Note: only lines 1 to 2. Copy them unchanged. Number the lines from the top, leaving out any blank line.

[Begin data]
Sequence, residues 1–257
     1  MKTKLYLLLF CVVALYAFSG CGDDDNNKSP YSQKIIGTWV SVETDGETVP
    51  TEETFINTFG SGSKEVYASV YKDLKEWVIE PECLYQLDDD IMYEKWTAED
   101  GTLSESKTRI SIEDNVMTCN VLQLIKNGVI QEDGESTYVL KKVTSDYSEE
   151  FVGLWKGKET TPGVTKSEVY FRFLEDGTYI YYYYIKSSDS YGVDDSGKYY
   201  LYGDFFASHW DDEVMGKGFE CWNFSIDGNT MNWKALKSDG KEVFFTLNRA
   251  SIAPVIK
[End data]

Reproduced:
Sequence, residues 1–257
     1  MKTKLYLLLF CVVALYAFSG CGDDDNNKSP YSQKIIGTWV SVETDGETVP